Events

October 2, 2020 at 7:15 pm

Spring Break Study Abroad in Northern Ireland Virtual Info Session, Oct. 20

Students visit the Omagh bombing memorial site with Michael Gallagher, chairperson of the Omagh Self Help and Support Group. Gallagher advocates nationally and internationally for a public inquiry into the bombing.

Students visit the Omagh bombing memorial site with Michael Gallagher, chairperson of the Omagh Self Help and Support Group. Gallagher advocates nationally and internationally for a public inquiry into the bombing.

Join Program Director Dr. Haley Duschinski, Associate Professor of Anthropology, and Larry Hayman, Esq., CLJC Pre-Law Advisor, for a virtual information session on Oct.20 from 10 to 11 a.m.  The trip plans to resume in Spring 2022.

This 3-credit hour course, ANTH 4620, is open to students in all majors and departments. It counts toward the Anthropology major requirements, the Law, Justice & Culture Certificate, War and Peace Major and Certificate program, and the Social Science requirement in the College of Arts & Sciences.

Graduate students may apply for the graduate section, ANTH 5620, for 4 credit hours.

About Human Rights, Law & Justice in Northern Ireland

The course focuses on post-conflict transition, dealing with the past, contested memories, and the legacy of human rights abuses for various sections of Northern Ireland society.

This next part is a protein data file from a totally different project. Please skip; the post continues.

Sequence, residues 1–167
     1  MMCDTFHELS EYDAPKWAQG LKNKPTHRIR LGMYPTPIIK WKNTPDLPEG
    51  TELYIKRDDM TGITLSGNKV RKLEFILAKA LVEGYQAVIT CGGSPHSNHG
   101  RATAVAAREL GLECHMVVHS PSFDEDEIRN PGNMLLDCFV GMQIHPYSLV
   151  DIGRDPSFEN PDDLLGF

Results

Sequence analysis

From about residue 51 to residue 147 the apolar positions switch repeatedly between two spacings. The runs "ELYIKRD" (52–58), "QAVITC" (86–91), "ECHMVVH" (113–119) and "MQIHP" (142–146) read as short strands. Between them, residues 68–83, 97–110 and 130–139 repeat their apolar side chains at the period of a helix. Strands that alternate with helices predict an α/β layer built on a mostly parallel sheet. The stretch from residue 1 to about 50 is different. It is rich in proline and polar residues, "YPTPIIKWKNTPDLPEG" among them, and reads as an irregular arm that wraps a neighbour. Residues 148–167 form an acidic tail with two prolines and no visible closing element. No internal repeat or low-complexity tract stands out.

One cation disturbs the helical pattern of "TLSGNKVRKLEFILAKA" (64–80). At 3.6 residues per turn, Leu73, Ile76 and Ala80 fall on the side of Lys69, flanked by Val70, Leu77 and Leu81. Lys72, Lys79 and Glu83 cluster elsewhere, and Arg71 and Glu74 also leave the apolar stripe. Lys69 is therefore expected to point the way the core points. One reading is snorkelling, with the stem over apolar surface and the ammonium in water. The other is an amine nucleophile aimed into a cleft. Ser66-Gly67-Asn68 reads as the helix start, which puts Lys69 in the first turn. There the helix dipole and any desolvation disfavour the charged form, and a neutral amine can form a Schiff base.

Today, Northern Ireland is going through a cultural and artistic renaissance as it emerges from decades of conflict, resistance, and armed struggle known locally as “the Troubles.”

This border region also experiencing uncertainty and change associated with Brexit.

This spring break study abroad program offers students the unique opportunity to explore human rights, law, and justice through an intensive nine-day study abroad experience in post-conflict Belfast, the capital city of Northern Ireland.

The program includes interactions with former combatants including IRA and UVF soldiers, human rights lawyers, ex-political prisoners, victims associations, and restorative justice practitioners, as well as visits to museums, former prisons, and non-governmental organizations.

Through interactions with local scholars, social activists, students, and human rights groups, students gain firsthand knowledge of peacekeeping and peace-building, human rights and peace activism, and the politics of truth, justice, and reconciliation in post-conflict Northern Ireland.

For more information, contact Professor Duschinski at duschins@ohio.edu or visit the Office of Global Opportunities for the Northern Ireland program.

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